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Latest Polymorphism Stories

Image 1 - Misleading Morphology
2011-10-27 04:35:18

3 European parasitoid wasp 'species' are seasonal forms of just 1 Three widely differing forms of European Scambus parasitoid wasps that had previously been regarded as distinct species are shown to be seasonal morphs of a single species. The collaboration involved National Museums Scotland (Mark Shaw), a private individual (Malcolm Jennings) and Imperial College London + Natural History Museum (Donald Quicke). It was published in the open access Journal of Hymenoptera Research. The...

Image 1 - Plant Genomes May Help Next Generation Respond To Climate Change
2011-10-07 03:49:35

In the face of climate change, animals have an advantage over plants: They can move. But a new study led by Brown University researchers shows that plants may have some tricks of their own. In a paper published in Science, the research team identifies the genetic signature in the common European plant Arabidopsis thaliana that governs the plant´s fitness – its ability to survive and reproduce – in different climates. The researchers further find that climate in large...

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2011-08-15 07:09:20

The mystery of how a butterfly has changed its wing patterns to mimic neighboring species and avoid being eaten by birds has been solved by a team of European scientists. The study was published August 14, 2011 in the journal Nature. The greatest evolutionary thinkers, including Wallace, Bates and Darwin, have all wondered how butterflies that taste bad to birds have evolved the same patterns of warning coloration. Now for the first time, researchers led by the CNRS (Mus©um National...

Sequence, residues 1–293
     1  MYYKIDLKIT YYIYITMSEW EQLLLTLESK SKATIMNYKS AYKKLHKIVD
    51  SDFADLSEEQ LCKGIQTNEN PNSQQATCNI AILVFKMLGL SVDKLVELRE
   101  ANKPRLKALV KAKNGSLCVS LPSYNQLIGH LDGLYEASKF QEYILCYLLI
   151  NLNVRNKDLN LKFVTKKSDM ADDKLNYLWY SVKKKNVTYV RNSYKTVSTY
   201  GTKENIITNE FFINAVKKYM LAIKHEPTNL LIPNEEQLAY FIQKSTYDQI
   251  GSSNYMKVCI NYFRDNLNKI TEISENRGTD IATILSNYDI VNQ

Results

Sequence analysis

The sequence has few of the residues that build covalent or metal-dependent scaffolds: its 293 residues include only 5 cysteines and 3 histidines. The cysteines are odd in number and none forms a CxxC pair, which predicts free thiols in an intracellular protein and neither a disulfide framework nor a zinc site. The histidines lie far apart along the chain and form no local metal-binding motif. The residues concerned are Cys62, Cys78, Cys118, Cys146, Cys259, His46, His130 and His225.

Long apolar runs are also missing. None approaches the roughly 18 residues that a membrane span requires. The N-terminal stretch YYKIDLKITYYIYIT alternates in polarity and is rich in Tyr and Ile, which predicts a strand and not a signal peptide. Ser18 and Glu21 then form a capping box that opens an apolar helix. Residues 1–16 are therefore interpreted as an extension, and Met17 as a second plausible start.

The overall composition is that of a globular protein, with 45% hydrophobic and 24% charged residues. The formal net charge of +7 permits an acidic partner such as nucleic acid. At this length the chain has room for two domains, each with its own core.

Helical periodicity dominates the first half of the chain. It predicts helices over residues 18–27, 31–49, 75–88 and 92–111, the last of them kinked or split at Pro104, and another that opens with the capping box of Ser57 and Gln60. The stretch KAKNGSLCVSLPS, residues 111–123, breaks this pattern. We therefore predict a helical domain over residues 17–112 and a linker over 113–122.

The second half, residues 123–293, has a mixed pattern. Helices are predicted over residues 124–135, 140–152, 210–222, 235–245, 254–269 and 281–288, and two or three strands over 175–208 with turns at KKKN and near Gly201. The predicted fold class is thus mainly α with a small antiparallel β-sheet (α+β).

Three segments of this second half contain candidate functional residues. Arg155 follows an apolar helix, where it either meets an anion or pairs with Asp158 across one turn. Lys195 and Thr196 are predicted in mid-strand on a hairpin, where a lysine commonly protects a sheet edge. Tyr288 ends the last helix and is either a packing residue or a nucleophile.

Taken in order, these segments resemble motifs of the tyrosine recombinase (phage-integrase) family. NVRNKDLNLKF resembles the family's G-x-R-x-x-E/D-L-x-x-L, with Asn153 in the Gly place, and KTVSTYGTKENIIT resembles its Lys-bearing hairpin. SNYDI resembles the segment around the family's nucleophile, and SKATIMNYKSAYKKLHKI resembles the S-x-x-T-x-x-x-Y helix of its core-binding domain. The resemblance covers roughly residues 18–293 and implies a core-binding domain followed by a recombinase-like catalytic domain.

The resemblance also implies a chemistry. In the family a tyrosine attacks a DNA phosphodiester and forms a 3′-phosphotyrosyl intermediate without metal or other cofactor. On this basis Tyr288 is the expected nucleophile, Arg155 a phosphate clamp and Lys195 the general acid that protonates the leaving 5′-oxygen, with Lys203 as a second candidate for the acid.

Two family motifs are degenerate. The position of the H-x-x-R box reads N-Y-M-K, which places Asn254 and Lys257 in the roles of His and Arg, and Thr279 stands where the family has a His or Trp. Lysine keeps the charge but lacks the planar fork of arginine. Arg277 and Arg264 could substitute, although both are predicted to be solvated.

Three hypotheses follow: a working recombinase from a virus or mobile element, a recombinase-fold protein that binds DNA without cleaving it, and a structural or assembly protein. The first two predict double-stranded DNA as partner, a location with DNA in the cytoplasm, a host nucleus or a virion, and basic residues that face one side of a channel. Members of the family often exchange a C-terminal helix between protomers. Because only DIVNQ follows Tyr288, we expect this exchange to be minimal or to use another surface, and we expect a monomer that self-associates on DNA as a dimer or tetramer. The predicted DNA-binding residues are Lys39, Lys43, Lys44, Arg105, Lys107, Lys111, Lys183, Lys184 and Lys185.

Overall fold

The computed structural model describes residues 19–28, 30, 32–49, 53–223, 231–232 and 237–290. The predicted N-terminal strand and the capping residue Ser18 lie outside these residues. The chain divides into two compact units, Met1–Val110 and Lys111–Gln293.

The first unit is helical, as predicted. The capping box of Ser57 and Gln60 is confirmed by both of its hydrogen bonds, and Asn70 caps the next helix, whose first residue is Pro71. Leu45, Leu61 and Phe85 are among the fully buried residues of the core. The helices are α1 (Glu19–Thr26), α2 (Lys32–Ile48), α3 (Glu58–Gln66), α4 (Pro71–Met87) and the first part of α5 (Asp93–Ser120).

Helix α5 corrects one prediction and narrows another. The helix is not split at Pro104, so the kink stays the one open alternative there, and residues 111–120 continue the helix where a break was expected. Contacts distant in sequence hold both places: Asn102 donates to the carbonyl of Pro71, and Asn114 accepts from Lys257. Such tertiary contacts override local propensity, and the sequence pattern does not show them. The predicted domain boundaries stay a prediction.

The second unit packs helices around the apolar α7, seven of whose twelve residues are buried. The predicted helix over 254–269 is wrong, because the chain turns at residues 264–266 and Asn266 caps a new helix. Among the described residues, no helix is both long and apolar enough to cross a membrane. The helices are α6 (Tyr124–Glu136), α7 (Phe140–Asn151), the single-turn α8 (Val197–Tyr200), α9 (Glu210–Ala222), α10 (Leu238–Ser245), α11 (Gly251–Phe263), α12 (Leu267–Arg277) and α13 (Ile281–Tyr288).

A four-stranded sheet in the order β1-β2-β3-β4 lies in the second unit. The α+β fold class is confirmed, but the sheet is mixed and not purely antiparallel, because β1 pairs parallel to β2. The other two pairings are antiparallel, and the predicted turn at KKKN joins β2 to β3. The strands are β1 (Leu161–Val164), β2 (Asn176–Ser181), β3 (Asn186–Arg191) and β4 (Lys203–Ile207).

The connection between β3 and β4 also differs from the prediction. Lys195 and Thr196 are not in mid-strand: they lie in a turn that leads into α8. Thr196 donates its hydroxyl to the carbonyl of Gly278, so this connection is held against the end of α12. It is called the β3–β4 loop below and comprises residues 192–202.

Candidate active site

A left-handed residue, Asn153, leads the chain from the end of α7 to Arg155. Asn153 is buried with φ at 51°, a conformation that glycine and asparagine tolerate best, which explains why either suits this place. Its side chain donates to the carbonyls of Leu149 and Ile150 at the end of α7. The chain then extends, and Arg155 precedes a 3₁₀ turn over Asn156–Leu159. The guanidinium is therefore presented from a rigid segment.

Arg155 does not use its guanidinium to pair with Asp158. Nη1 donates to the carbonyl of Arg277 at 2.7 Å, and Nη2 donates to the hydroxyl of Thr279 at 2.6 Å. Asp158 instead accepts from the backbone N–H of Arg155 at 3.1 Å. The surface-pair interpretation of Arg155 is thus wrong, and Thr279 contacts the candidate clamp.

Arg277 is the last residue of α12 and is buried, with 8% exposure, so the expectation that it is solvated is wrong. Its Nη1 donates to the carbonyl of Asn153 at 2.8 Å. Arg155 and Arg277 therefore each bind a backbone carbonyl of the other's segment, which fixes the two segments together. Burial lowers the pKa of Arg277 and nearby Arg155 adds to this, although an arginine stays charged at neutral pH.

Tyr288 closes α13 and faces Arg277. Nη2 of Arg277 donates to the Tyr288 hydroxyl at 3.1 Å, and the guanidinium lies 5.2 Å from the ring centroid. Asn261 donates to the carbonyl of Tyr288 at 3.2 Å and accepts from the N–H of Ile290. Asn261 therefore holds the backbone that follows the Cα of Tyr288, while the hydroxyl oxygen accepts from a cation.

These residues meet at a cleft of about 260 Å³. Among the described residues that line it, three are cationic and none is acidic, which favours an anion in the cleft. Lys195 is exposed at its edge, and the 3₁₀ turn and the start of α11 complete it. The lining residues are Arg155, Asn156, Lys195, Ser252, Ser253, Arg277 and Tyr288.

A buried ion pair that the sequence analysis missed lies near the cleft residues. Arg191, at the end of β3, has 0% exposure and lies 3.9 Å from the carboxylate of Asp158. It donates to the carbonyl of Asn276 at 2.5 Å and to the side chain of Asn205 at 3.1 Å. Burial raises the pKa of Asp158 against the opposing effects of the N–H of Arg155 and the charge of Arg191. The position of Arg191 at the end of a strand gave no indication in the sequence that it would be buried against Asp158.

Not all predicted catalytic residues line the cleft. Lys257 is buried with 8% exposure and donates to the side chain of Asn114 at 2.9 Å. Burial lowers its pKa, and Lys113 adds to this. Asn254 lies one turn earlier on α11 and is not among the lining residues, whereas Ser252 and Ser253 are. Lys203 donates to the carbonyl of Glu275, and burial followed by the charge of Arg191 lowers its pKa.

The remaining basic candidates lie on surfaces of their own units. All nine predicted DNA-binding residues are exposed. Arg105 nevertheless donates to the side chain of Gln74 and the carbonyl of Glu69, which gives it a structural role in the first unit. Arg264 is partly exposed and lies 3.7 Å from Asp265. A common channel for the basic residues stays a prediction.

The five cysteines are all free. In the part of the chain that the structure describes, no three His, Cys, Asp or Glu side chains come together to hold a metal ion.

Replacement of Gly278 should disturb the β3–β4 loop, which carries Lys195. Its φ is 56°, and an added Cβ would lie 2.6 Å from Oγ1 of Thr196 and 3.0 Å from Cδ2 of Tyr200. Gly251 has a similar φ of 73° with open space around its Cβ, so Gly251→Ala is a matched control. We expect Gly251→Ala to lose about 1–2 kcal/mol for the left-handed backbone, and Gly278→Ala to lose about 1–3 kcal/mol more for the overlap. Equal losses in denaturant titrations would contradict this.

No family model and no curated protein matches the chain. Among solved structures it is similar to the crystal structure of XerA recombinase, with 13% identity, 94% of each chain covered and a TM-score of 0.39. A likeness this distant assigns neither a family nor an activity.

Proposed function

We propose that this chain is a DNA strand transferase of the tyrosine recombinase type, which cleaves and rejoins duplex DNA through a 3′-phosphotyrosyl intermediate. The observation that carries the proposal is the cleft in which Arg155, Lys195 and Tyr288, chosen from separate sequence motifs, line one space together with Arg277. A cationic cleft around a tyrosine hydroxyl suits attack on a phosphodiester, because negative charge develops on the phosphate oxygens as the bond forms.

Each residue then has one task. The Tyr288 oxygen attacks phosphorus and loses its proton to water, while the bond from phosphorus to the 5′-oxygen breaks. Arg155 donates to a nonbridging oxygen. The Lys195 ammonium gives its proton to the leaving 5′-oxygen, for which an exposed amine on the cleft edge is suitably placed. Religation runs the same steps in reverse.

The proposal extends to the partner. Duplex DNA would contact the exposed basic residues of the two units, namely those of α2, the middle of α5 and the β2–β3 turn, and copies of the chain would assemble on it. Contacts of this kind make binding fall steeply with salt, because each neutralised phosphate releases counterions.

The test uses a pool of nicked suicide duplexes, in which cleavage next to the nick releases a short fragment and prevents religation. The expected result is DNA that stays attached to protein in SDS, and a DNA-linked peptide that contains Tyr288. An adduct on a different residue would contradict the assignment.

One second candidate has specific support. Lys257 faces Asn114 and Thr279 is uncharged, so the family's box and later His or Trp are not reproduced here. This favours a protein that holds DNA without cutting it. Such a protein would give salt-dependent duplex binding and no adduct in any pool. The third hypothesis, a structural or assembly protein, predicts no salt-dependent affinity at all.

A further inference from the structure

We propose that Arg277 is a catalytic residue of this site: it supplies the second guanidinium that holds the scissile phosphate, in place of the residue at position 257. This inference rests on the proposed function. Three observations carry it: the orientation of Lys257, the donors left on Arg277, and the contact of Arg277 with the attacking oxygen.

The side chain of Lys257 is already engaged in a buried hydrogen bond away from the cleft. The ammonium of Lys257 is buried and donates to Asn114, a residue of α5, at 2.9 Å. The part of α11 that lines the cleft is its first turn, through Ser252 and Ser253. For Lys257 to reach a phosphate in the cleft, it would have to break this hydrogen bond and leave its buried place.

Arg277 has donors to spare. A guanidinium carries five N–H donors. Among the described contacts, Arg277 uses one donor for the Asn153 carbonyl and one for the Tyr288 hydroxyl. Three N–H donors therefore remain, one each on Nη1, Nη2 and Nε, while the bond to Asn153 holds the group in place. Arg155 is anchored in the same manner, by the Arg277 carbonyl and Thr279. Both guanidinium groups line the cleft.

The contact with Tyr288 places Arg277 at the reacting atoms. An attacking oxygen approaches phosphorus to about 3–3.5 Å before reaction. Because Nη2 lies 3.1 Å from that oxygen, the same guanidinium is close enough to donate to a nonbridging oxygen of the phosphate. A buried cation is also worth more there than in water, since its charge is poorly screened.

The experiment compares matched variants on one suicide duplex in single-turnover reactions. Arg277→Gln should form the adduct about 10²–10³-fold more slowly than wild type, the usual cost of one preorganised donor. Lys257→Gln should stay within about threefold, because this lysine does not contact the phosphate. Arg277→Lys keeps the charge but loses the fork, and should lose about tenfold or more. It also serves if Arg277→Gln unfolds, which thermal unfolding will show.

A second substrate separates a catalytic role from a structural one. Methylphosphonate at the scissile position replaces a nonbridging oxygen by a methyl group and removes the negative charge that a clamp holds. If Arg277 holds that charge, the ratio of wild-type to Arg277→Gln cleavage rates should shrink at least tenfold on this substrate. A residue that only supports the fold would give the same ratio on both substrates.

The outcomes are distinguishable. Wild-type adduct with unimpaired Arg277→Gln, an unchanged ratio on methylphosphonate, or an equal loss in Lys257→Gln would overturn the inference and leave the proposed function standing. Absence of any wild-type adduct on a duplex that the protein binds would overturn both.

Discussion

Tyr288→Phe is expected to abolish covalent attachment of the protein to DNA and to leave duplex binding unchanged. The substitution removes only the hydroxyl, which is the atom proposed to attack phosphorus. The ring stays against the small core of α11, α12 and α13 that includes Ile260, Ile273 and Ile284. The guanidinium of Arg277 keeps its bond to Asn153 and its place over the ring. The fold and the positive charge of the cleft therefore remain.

2011-06-09 15:19:55

For tens of thousands of years, the genomes of malaria parasites and humans have been at war with one another. Now, University of Pennsylvania geneticists, in collaboration with an international team of scientists, have developed a new picture of one way that the human genome has fought back. The international team was led by Sarah Tishkoff, a Penn Integrates Knowledge professor with appointments in the genetics department in Penn's Perelman School of Medicine and the biology department of...

2011-06-03 08:09:45

(Ivanhoe Newswire) -- Killing about a million people a year, malaria is one of the deadliest diseases in the world. Ninety percent of its victims live in Africa. The genomes of malaria parasites and humans have been battling one another for tens of thousands of years. Geneticists at the University of Pennsylvania have discovered new evidence of one way the human genome has attacked back. Since different populations show different reactions to the parasites that cause malaria, the...

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2010-08-03 09:39:51

It's a question that has puzzled scientists for years: why, in some species of spiders, are the females so much larger than their male counterparts? Now, investigators from the Spanish National Research Council (CSIC) believe they have found the answer. According to their findings, which are published in Wednesday's edition of the open access journal BMC Evolutionary Biology, the cause is likely tied to bridging, a technique of transportation used by some spiders to cross large gaps. When...